So I think most of the reasons that an advisor that’s looking to go independent would not want to plug in with someone else is ‘cause they wanna have that feeling of ownership and control that would be usually a reason for escaping the employee setup but there's such an array of options around today that support independence and from a legal framework it may not even matter as much if you're an employee or owner, whether that’s 10-99 or how you're paid. It’s more about the control of the day to day operations. So one of the big benefits that most advisors, especially successful ones, don't have at a major firm is day to day flexibility -- no one telling you where to be and when to be most of the time. So if you extend upon that which most of these services and “subaggregators”, as Cerulli calls them, there's huge opportunity to be, I guess a term we hear a lot is “independent but not alone”, you have your own practice but you're using other people's support systems.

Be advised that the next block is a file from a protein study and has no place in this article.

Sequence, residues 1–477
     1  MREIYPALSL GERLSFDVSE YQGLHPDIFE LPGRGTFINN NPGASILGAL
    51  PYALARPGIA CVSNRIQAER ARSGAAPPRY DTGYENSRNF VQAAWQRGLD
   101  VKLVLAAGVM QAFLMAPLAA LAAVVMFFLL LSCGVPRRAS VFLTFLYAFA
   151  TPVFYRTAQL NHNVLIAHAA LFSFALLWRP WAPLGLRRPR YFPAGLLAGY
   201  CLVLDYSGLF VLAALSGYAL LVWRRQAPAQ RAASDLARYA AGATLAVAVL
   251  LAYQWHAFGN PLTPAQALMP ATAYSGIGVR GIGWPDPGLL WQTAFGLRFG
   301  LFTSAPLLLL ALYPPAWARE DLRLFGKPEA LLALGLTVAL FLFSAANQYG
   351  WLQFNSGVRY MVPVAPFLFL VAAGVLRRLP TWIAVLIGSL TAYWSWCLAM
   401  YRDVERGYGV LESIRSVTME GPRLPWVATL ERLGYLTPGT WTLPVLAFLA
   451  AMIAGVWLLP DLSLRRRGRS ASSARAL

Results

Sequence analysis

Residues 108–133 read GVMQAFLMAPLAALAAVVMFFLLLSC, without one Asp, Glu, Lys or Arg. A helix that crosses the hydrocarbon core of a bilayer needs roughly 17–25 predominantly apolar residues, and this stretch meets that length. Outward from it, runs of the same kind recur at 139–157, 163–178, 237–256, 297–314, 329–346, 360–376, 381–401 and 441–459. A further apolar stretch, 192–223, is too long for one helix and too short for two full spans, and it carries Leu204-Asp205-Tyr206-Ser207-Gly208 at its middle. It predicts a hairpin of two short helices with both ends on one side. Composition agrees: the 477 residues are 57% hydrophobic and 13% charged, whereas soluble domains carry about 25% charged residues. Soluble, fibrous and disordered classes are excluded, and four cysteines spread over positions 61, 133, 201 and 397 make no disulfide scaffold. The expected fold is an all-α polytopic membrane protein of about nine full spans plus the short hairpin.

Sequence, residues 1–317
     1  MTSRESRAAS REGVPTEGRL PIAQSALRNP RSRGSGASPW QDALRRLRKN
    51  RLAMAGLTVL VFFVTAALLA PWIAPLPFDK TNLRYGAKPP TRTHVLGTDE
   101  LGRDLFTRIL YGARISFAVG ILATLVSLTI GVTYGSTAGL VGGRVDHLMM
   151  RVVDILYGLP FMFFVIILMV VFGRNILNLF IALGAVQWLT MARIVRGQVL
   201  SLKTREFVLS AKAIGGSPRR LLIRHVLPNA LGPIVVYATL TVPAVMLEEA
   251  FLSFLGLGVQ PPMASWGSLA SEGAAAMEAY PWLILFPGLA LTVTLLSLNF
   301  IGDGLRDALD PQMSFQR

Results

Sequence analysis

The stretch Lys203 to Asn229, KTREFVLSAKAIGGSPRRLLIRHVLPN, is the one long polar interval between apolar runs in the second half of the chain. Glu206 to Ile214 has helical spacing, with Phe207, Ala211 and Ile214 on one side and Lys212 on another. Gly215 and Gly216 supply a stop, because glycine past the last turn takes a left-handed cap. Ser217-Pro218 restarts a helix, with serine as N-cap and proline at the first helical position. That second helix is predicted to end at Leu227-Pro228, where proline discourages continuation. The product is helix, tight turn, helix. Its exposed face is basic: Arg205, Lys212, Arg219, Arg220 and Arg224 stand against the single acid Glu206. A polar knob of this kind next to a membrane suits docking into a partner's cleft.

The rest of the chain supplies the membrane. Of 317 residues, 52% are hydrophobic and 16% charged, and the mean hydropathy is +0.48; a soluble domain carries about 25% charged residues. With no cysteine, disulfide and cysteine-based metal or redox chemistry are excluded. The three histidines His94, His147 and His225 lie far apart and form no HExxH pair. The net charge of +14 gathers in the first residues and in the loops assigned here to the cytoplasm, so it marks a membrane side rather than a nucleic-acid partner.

And you don't really give a pretty equity in your business other than the small slice of revenue that, the way you pay these support providers. But again, you have to pay someone for compliance support and payroll and other administrative things regardless, you're paying for it one way or another, either you pay for it as an employee, at a wirehouse with a really reduced payout or you pay for it by hiring it directly if you're building your own firm from the ground up or kind of in between but much closer to the ground up model is you find someone who’s already got that setup -- the key, kind of bread and butter stuff you have to have and for relatively low cost you can add on to that. You can sit on that platform and own your practice and that's to me a wonderful development in our industry because just about anybody with a viable business as an employee can have her own practice with relatively minimal cost.